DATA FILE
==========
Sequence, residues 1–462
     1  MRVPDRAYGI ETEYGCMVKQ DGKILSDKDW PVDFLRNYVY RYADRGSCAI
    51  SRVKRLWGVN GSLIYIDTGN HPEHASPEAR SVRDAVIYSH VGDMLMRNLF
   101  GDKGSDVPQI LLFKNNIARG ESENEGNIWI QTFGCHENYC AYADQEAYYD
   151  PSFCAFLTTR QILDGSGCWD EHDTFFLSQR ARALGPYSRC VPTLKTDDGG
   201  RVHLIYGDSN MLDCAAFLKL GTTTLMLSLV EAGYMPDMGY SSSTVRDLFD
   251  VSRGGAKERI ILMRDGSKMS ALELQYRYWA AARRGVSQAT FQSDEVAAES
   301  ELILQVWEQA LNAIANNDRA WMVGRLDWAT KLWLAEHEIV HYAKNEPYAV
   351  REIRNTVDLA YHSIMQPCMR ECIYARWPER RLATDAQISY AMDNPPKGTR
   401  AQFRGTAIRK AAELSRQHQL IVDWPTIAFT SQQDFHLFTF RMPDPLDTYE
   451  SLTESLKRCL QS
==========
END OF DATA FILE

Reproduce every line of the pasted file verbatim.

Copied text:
Sequence, residues 1–462
     1  MRVPDRAYGI ETEYGCMVKQ DGKILSDKDW PVDFLRNYVY RYADRGSCAI
    51  SRVKRLWGVN GSLIYIDTGN HPEHASPEAR SVRDAVIYSH VGDMLMRNLF
   101  GDKGSDVPQI LLFKNNIARG ESENEGNIWI QTFGCHENYC AYADQEAYYD
   151  PSFCAFLTTR QILDGSGCWD EHDTFFLSQR ARALGPYSRC VPTLKTDDGG
   201  RVHLIYGDSN MLDCAAFLKL GTTTLMLSLV EAGYMPDMGY SSSTVRDLFD
   251  VSRGGAKERI ILMRDGSKMS ALELQYRYWA AARRGVSQAT FQSDEVAAES
   301  ELILQVWEQA LNAIANNDRA WMVGRLDWAT KLWLAEHEIV HYAKNEPYAV
   351  REIRNTVDLA YHSIMQPCMR ECIYARWPER RLATDAQISY AMDNPPKGTR
   401  AQFRGTAIRK AAELSRQHQL IVDWPTIAFT SQQDFHLFTF RMPDPLDTYE
   451  SLTESLKRCL QS